Unrecognized iron deficiency can impair immunity in older women

September 29, 2004

Iron deficiency, which can masquerade as routine old age symptoms, was found to impair measures of immunity from 28 to 50 percent in a group of seemingly healthy, well-nourished, homebound, older women, age 60 and above, in a Penn State study.

The study leader, Dr. Namanjeet Ahluwalia, associate professor of nutrition, says, "Iron deficiency in our study was associated with impairments on two measures of immunity at levels that may render older adults more vulnerable to infections."

"Older women can suffer iron deficiencies because of the effects of aging. It's best to be checked if you sense changes, such as being fatigued easily, breathlessness, attention problems, or frequent infections," she adds. "It's not necessarily aging and could be a problem related to undernutrition, specifically iron deficiency. However, iron supplementation should not be started without lab work and a doctor's order."

Ahluwalia will describe the study findings in a presentation at the 4th European Congress on Nutrition and Health in the Elderly in France in November. Her results are also detailed in a paper, "Immune Function is Impaired in Iron-Deficient, Homebound, Older Women," published earlier this year in the American Journal of Clinical Nutrition. Her co-authors are Jianquin Sun, postdoctoral fellow, Deanna Krause, graduate student, Dr. Andrea Mastro, professor of microbiology and cell biology, and Gordon Handte, director, clinical laboratory, University Health Services.

The study included 72 women, 60 or older, living in three rural Pennsylvania counties who were receiving services, such as meals or assistance with activities of daily living, from the Office on Aging. All were considered healthy, free of inflammation and generally well nourished.

Iron assessments on blood samples provided by the participants identified women as iron deficient if their iron stores were depleted and they had abnormal results on two or more other iron status tests.

Ahluwalia says, "Although half the iron-deficient women were anemic, the rate of iron deficiency we found was moderate. The subjects ranged from a few who were severely deficient and had low hemoglobin, to those who had normal hemoglobin and whose other tests were subnormal."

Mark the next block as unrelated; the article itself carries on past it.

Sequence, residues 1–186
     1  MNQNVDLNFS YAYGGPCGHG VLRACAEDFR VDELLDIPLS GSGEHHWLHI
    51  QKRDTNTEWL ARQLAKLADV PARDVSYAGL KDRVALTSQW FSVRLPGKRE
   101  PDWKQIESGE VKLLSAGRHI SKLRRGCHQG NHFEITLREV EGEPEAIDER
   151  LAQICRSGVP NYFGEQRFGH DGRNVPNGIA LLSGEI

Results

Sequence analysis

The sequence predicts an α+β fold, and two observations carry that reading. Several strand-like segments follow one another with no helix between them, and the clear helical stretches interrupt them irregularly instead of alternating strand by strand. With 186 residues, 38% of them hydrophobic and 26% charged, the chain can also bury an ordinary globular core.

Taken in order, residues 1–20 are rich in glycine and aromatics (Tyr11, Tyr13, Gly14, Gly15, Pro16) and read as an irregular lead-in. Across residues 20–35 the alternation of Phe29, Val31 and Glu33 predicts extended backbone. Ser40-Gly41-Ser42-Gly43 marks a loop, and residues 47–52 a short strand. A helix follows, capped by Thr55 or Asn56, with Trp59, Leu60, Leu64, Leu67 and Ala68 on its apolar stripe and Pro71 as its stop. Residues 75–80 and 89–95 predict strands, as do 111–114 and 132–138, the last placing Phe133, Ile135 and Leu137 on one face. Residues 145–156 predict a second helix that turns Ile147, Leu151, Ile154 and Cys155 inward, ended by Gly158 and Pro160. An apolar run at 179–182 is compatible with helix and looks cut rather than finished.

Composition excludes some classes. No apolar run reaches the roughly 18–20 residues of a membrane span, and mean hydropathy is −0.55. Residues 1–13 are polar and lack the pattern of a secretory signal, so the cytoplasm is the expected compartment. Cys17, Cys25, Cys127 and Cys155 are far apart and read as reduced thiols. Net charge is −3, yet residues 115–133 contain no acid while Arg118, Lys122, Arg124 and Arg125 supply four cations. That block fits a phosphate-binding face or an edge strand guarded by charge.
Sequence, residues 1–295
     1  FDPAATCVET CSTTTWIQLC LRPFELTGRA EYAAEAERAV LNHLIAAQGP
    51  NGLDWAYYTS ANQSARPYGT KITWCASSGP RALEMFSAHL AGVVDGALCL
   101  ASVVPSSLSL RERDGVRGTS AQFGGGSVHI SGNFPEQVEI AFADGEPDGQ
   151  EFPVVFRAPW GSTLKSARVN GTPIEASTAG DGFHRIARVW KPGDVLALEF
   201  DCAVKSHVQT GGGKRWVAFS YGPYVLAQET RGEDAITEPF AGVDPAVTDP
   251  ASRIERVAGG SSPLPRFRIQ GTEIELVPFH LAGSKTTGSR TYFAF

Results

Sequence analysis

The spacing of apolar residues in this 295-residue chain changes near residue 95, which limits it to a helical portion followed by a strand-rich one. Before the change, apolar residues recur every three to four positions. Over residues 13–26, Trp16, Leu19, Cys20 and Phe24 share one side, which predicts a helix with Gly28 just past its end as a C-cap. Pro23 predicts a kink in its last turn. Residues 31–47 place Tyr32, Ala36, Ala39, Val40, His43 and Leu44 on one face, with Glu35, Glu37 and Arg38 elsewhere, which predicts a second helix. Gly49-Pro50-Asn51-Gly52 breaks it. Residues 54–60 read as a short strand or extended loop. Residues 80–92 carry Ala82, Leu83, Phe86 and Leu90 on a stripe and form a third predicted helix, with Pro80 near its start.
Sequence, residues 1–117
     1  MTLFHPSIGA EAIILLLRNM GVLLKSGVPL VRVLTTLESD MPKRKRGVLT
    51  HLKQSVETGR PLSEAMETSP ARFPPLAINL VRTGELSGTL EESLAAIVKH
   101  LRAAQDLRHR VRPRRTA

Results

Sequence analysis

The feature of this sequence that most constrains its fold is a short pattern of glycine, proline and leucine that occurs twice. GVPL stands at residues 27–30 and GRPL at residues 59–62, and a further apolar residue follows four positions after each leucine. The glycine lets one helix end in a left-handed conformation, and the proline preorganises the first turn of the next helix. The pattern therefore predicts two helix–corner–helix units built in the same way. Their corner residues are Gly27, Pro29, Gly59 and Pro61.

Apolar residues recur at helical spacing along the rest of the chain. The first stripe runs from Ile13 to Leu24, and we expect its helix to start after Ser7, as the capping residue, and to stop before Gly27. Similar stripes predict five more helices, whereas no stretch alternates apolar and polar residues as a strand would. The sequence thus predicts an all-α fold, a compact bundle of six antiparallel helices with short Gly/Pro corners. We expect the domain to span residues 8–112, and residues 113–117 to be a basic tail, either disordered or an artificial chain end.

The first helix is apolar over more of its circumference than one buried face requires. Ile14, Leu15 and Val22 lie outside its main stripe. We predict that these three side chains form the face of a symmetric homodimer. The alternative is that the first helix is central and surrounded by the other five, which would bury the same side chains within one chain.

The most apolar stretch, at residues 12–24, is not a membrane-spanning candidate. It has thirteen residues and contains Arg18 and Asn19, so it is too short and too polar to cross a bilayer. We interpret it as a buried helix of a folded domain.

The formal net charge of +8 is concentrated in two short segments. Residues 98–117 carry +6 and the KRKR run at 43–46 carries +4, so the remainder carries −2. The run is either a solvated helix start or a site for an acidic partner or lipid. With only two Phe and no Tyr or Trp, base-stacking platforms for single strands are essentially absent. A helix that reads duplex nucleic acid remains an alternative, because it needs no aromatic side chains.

Cells from the blood samples of both the iron-sufficient and iron-deficient women were subjected to several tests of immune response. In one test, a type of white cell, called T-cells, was stimulated with two chemicals that simulate response to infection in the body. Normally, T-cells respond by multiplying when faced with such a challenge. In the iron deficient women, the T-cells response was only 40 to 50 percent that of the iron-sufficient women.

In another test, granulocytes, another type of white blood cell, were challenged with bacteria. Granulocytes usually ingest bacteria and kill them with an oxidative burst. While the extent to which granulocytes ingested the bacteria did not differ significantly by iron status, the magnitude of the oxidative burst was 28 percent less in iron-deficient women suggesting a potentially reduced capacity of these cells to kill bacteria.

Ahluwalia notes, "We are conducting a follow-up project to study the effects on immunity of correcting iron deficiency via supplements. We are currently recruiting women age 60 or above for that study."
The current study was supported by grants from the U.S. Department of Agriculture and the National Cattlemen's Beef Association.

Penn State

Related Bacteria Articles from Brightsurf:

Siblings can also differ from one another in bacteria
A research team from the University of Tübingen and the German Center for Infection Research (DZIF) is investigating how pathogens influence the immune response of their host with genetic variation.

How bacteria fertilize soya
Soya and clover have their very own fertiliser factories in their roots, where bacteria manufacture ammonium, which is crucial for plant growth.

Bacteria might help other bacteria to tolerate antibiotics better
A new paper by the Dynamical Systems Biology lab at UPF shows that the response by bacteria to antibiotics may depend on other species of bacteria they live with, in such a way that some bacteria may make others more tolerant to antibiotics.

Two-faced bacteria
The gut microbiome, which is a collection of numerous beneficial bacteria species, is key to our overall well-being and good health.

Microcensus in bacteria
Bacillus subtilis can determine proportions of different groups within a mixed population.

Right beneath the skin we all have the same bacteria
In the dermis skin layer, the same bacteria are found across age and gender.

Bacteria must be 'stressed out' to divide
Bacterial cell division is controlled by both enzymatic activity and mechanical forces, which work together to control its timing and location, a new study from EPFL finds.

How bees live with bacteria
More than 90 percent of all bee species are not organized in colonies, but fight their way through life alone.

The bacteria building your baby
Australian researchers have laid to rest a longstanding controversy: is the womb sterile?

Hopping bacteria
Scientists have long known that key models of bacterial movement in real-world conditions are flawed.

Read More: Bacteria News and Bacteria Current Events
Brightsurf.com is a participant in the Amazon Services LLC Associates Program, an affiliate advertising program designed to provide a means for sites to earn advertising fees by advertising and linking to Amazon.com.